Still, not all hope is lost. “Shape of You”, for all its unsexy blandness that probably sounds like a Maroon 5 album track (scientists have still yet to uncover what those songs are), is still fun to sing along to in dance-remix form in public settings. There’s enough here to last Ed through the 18 month album cycle (“Galway Girl” and “Barcelona” might be weird enough to be something). Let’s hope he’s got a few songs on Harry Styles’ debut record, or Ed Sheeran’s complacency will get the best of him. There may never be a time where an Ed Sheeran song doesn’t sound like a John Mayer/Jason Mraz/Justin Timberlake/Macklemore mishmash, but it’s about past time for him to figure it out.
Divide by Ed Sheeran 4/16 enjoyable songs, 25%
Recently, there was a thread that came across my Facebook feed that posed the question “What’s the one album you had wished you written?” Scattered answers ranging from Kid A to The Suburbs littered the comments section, and for good reason, sure. But without much hesitation at all, I commented with The Format’s 2006 gem Dog Problems and moved on with my mindless scrolling. Dog Problems, which turns 10 years old this summer, is one of my favorite records ever, and one that’s followed me well into adulthood. It’s an album of bubbly heartbreak, sporadic frustration, and orchestrated whimsy few records accomplish with such happy-go-lucky charm. Bombastic vocals, daring arrangements, and occasional lyrical knife-twists made it all the more memorable. Of all places, I discovered them through MySpace and, of all bands, saw them tour in support of The All-American Rejects.
I unapologetically adore all things pop — particularly its brash, sweeping melodies that get tastily stuck to the inside of your jaw like a movie theater box of Dots. There’s a predisposition that pop — in modern terms, at least — means mindless, soulless, pitch-corrected, calculated records whose sole purpose is to be featured in CoverGirl commercials and sent to VH1’s We-Love-The-Whatevers oblivion. That’s fair, sure; but pop’s main purpose, to me, is to express not only the songwriter’s emotions — but the listener’s, as well. I think Billy Joel said that.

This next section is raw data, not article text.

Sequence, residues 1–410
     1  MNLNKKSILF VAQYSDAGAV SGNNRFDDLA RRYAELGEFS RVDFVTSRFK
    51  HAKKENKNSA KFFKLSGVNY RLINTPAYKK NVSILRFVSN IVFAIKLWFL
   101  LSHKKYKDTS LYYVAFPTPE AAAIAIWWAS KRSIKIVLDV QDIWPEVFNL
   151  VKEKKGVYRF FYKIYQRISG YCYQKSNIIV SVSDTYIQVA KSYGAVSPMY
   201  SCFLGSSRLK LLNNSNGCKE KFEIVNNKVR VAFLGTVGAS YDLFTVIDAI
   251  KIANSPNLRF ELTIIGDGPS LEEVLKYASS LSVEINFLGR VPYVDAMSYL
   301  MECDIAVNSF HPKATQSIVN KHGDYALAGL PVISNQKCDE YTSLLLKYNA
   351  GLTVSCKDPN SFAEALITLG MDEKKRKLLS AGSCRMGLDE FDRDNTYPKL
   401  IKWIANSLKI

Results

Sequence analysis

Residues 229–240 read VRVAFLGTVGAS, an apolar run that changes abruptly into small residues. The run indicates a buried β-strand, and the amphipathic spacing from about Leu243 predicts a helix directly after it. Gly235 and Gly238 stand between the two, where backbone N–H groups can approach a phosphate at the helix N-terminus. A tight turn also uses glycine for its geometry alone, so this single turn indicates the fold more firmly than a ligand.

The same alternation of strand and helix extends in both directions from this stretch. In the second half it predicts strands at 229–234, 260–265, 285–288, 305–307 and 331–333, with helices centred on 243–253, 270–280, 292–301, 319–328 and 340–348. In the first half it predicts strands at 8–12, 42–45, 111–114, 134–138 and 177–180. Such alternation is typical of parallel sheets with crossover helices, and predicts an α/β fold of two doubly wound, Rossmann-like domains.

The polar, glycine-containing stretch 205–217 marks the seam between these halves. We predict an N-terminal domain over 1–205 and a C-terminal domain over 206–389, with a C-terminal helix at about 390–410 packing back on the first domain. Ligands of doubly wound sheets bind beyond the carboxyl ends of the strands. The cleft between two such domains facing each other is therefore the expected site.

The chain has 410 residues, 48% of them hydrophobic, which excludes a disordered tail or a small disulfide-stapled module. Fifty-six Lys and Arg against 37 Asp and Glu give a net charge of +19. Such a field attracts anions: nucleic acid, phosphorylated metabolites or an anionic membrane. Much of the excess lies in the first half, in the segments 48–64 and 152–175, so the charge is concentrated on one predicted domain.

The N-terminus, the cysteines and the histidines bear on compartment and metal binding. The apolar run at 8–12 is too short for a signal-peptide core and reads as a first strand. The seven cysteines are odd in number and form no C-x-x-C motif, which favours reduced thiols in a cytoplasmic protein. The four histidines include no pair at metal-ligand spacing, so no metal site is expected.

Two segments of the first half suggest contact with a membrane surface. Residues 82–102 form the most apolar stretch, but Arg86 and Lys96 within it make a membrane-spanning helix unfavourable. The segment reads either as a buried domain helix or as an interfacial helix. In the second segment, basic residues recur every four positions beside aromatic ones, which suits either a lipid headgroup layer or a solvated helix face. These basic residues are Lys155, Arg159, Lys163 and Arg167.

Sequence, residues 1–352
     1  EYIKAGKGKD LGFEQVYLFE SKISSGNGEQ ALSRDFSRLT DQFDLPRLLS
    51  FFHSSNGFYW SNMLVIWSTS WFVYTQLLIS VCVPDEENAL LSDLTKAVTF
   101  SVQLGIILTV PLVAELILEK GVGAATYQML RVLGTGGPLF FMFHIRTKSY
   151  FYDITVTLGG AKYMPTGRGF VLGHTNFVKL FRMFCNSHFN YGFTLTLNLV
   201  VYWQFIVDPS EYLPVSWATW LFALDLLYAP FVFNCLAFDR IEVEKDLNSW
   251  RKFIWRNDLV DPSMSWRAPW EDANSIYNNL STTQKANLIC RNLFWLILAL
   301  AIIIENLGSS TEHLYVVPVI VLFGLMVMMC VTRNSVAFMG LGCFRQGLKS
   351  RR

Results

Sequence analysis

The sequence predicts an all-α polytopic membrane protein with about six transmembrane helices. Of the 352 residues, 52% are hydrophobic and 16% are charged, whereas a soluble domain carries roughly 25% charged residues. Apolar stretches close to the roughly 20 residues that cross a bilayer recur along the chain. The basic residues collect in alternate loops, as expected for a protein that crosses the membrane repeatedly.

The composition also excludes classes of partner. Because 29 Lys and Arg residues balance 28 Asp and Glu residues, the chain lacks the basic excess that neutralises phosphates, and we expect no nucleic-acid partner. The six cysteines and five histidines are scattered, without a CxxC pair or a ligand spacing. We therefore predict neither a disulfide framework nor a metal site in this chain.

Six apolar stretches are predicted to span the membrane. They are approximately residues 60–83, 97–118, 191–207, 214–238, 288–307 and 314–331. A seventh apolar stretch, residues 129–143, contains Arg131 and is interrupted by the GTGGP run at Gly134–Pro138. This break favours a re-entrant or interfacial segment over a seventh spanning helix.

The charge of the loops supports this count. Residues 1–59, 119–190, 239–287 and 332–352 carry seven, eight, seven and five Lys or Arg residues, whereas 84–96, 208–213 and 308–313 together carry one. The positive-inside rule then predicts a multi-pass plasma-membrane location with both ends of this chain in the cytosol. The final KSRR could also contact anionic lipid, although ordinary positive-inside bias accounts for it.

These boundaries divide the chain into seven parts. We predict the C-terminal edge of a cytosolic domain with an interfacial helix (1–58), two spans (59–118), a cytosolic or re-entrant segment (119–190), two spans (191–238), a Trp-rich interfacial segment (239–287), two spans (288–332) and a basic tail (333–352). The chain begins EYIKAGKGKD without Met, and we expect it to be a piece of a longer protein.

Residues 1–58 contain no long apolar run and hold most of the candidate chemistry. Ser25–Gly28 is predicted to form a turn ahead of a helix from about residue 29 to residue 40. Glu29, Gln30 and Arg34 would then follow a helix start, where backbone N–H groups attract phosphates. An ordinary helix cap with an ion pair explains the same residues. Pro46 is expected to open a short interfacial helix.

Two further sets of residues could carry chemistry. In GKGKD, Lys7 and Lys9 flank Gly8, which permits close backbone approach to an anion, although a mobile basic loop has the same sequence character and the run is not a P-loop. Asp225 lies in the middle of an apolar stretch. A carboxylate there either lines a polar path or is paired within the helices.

A great pop song is a time-capsule containing memories of the summer you went to the lake with that girl from youth group and her family, or that time you sat in your room with your ears buzzing with rage and hurt because you found out your best friend’s been seeing your crush behind your back. Lots and lots of albums can do this for a person, obviously, but when the timing is just right — it can act as a bookmark for a season (or a year, even) and that’s what makes music that much more special.
The Format, and Dog Problems as a whole, embodies this for me. Together, duo Nate Ruess (now of fun. fame) and Sam Means (perhaps the brains behind the operation, and who just put out his first effort since The Format this past January-it’s really good) crafted an album that shone from the rest of the PureVolume sludge a decade ago. From open to close, Dog Problems is thematically focused on a shattered relationship in which our protagonist is cheated on, with each song detailing his subsequent failed attempts to move on — i.e. sweeping, power-pop-genius singles like “She Doesn’t Get It” and my favorite track, “The Compromise.” However, when the album is split in half with the eponymous ballad “Dog Problems”, an almost carnivalesque journey waltzes usthrough a haunted, hurt mind and a heart full of trombones and horns. It’s weird. It’s broad. Dog Problems is a glitter-filled hourglass
Impeccably produced by Steven McDonald (who later went on to produce fun.’s 2009 debut Aim & Ignite), Dog Problems has a timeless aspect that unfortunately isn’t afforded to many of Nate Ruess’ more recent efforts (save for “Some Nights”), but that’s neither here nor there. The Format’s two-album career was an inspiring one; it brought about a resurgence of cinematic, orchestrated, pop/rock music that almost fell by the wayside in the late 90s but is now resurging in a huge way. With such precision, these big horns and loud strings scored teenagers’ bedrooms and, in effect, their lives.